Driver admits Dutch cyclist’s fatal hit

Gitta Scheenhouwer was fatally hit while cycling in a Chapel Street bike lane at South Yarra.

A drug user speeding in a stolen car was on his way to get his next hit when he fatally struck a cyclist on her way to work in Melbourne.

Michael Panayides appeared in Melbourne Magistrates Court on Wednesday via video link, pleading guilty to six charges over the death of 27-year-old Dutch woman Gitta Scheenhouwer, on Chapel Street on August 12 last year.

Panayides, also 27, admitted culpable driving causing death, unlicensed driving, failing to render assistance, negligently dealing with proceeds of crime, vehicle theft and recklessly causing injury.

Four other charges were withdrawn.

He’d had been unlicensed while driving the stolen 2017 Mercedes Benz, when he struck a number of vehicles and the cyclist who was in the bike lane, a court summary states.

Ms Scheenhouwer, 27, and her boyfriend Thomas had left the Netherlands to follow their longtime wish of living Down Under for a couple of years.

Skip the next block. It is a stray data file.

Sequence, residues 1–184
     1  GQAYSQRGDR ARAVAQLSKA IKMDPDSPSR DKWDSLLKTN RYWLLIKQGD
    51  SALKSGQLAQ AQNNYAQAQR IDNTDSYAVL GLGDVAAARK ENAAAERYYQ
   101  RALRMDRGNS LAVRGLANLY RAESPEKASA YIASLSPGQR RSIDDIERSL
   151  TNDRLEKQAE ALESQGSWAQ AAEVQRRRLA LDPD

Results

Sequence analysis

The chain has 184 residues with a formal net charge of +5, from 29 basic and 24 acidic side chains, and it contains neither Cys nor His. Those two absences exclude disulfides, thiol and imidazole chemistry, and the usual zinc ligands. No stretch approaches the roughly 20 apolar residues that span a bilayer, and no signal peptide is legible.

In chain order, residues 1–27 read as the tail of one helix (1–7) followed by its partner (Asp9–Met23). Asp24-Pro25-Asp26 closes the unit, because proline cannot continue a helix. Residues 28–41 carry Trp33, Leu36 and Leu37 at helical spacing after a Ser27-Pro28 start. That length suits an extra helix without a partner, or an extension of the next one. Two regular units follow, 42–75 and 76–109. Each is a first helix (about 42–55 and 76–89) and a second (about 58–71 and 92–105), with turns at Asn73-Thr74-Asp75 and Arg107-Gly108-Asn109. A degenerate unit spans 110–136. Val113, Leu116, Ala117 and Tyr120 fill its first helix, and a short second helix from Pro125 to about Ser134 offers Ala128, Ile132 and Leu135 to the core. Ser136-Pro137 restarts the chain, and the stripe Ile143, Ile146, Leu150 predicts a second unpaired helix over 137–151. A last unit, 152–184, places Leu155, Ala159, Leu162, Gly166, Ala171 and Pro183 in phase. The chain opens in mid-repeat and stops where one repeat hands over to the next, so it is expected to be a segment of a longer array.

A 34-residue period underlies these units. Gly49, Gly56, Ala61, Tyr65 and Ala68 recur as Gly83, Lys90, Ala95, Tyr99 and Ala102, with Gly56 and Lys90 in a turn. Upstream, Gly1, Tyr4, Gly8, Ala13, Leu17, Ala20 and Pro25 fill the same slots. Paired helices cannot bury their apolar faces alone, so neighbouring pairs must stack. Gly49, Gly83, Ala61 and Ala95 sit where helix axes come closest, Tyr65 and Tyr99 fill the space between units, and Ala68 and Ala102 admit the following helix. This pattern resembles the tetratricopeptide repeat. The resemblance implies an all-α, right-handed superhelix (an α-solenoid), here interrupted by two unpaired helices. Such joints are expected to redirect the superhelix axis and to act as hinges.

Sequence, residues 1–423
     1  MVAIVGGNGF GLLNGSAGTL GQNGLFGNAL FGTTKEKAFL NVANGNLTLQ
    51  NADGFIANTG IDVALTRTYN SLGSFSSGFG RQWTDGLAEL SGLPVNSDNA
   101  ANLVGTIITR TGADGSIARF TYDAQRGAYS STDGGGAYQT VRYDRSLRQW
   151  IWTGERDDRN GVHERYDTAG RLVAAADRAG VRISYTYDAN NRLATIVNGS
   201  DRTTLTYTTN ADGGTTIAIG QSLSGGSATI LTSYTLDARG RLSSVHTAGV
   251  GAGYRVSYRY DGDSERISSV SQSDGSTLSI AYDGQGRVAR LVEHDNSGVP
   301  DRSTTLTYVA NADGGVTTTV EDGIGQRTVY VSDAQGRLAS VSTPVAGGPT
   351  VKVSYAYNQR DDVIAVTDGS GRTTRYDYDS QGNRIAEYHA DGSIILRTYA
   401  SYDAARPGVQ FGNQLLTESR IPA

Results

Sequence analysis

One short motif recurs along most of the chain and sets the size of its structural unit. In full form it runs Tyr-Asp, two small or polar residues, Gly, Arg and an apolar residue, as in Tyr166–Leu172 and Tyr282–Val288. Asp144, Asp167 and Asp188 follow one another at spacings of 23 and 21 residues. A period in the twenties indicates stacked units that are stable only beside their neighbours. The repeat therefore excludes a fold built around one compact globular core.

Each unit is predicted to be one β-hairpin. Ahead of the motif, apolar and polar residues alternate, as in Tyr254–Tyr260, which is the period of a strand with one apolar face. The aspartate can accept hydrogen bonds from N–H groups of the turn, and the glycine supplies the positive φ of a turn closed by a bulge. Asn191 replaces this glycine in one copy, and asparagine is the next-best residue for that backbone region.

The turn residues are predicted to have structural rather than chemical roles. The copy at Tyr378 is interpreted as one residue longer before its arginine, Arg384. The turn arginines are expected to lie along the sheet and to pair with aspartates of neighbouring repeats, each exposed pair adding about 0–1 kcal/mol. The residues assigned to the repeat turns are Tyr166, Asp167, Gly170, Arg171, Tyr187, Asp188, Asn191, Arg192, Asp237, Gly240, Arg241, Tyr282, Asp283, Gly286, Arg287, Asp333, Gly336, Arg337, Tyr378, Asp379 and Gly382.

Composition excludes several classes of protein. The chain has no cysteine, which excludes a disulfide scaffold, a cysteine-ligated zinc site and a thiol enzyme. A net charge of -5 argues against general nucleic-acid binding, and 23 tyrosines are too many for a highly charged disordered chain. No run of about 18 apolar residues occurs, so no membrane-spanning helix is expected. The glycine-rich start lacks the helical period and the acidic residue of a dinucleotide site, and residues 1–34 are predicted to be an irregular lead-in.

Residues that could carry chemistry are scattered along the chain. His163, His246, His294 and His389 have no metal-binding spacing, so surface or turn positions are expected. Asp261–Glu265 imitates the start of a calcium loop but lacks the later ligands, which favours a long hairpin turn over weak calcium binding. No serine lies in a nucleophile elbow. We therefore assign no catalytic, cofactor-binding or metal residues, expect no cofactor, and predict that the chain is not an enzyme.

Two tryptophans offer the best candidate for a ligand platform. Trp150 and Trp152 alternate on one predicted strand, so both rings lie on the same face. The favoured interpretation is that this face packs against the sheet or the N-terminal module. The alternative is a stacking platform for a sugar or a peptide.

She worked at a dance school and was studying to become an architect.

An 81-year-old woman inside a Mitsubishi Lancer rear ended by Panayides spent weeks in hospital after suffering bruising and swelling to her head and chest.

The speed limit was 40km/h.

Panayides had been on his way to see a dealer in Richmond, and had used heroin the night before.

The homeless man collected some belongings and fled the crash scene on foot as a witness tried unsuccessfully to stop him.

“I didn’t even know I hit the person. I just panicked and like, left,” he told police during a subsequent interview, noting he didn’t recall the details of the crash.

Panayides went to a friend’s place where he was told to go to hospital and hand himself in to police. Instead he left to buy drugs.

He regularly uses heroin and ice intravenously, a court summary outlined.

Panayides was arrested on August 13 in Melbourne’s CBD in possession of gold and silver jewellery, some stolen along with the Mercedes during a home burglary on August 5 at Elsternwick.

He also had coins and drug paraphernalia in his bag.

Panayides told police two days after the crash he did not know there had been fatality or anyone involved, rather he believed he’d clipped a door.

Analysis of the airbag control module from the car – to show his speed before the crash – is still underway.